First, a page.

Something I’ve noticed about a lot of end user’s is that they never turn off their PC, let alone restart it. Whether this is out of fear that it won’t reboot, or simply out of laziness, I do not know, but it is not healthy for the machine.

Think of it this way: a human needs sleep to be able to function and think well. The less sleep you get, the less functional you are, and if you go days/weeks without sleeping, your mind becomes a complete mess. The brain is a lot like a biological computer, so if it needs rest, why wouldn’t your mechanical computer?

A fresh restart a day is a good place to start, and then a complete shut down for every night isn’t a bad move either. You see, restart and shutdown are two very different things. Shut down is not to be confused with sleeping/hibernating. If you close your laptop, IT IS NOT SHUT OFF. To shutdown your PC, go into the Start menu, go to power, and select shut down. If the computer is frozen due to a virus or a crash, hold the physical power button for a few seconds to do a hard shut down, but only due this in EXTREME circumstances as a last resort.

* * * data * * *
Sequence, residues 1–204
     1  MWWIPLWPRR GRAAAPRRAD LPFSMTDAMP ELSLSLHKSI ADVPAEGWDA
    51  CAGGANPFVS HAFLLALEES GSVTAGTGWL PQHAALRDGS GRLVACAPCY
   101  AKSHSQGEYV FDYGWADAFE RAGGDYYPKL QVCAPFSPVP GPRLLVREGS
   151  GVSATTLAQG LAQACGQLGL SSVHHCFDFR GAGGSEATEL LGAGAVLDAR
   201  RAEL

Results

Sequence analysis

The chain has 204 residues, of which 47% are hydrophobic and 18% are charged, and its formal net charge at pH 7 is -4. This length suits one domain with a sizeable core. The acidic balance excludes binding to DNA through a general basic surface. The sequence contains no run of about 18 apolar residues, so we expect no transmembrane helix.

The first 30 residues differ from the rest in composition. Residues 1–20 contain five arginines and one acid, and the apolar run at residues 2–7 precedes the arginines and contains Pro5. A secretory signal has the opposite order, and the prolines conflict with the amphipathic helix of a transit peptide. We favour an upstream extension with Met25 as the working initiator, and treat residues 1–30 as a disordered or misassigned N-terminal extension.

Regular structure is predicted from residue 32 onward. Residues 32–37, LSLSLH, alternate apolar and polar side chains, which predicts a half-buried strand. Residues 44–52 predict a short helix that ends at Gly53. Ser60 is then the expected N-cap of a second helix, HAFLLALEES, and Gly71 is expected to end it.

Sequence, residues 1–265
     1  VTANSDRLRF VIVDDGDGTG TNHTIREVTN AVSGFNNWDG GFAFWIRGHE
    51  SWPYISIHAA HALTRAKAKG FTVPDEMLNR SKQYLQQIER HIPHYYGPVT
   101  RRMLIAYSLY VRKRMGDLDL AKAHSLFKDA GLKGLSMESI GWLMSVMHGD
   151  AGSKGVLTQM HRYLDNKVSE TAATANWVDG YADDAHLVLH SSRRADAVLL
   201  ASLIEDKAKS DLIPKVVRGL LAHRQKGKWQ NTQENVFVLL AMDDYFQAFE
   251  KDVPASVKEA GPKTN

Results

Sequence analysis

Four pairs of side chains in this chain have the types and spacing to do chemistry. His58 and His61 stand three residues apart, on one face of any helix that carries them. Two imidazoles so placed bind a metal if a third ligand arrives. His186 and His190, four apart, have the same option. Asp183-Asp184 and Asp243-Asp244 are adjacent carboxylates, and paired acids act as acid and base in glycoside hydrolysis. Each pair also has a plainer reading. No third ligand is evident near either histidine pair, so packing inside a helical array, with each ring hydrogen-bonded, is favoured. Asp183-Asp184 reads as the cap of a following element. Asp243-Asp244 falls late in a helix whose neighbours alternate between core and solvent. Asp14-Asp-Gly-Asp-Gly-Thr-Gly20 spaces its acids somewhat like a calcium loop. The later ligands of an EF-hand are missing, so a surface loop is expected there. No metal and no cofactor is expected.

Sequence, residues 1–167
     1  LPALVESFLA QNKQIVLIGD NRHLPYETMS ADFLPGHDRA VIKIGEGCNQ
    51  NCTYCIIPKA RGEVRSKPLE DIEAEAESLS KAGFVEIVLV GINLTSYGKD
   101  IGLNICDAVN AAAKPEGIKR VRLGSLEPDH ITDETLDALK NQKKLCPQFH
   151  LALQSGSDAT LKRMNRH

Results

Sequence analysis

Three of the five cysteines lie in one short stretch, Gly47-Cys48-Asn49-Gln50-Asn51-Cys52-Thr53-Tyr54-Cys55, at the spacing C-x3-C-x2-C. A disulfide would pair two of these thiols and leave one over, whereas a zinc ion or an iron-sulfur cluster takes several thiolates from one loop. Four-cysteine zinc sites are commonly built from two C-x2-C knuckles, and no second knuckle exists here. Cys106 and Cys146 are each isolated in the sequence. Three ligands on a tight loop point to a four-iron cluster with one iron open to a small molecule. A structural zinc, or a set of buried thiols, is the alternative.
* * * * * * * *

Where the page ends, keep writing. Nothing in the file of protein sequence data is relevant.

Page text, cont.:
Sleeping/hibernating causes it to use minimal power but keeps it running for a faster start-up, while shutdown turns it off completely, causing it to use no power, and deals with issues such as overheating and hardware stress. But it doesn’t fix all problems. With Windows 10 especially, I’ve noticed that the longer your machine goes without a reset, the more RAM the basic Windows processes will use. I’ve experienced the System Kernel process using 25% of my RAM with not a single application running, and on a 12 GB machine, that is A LOT (It is most likely an issue with Windows and Nvidia drivers since Windows 10 isn’t perfect yet). However, when you restart, you not only cut off power for a short while, it completely refreshes the entire machine, dealing with any and all RAM issues you might be having.

Restarting your router helps a lot with slow internet if clearing your caches doesn’t work, which there will be an article on very soon. Think of the internet as a pipe: if you try to push too much through, it gets clogged and stops transmitting. A router needs to be refreshed often so that the pipe can be flushed before more is poured through.

If you’re having hardware issues but you can’t tell from which device it is stemming from, shutdown each of your devices in the correct safe manner, then one by one, unplug all the devices, then one by one, replug them in and reboot them until you find where the error is. This is also a good way to just let your devices sleep and cool down once in awhile.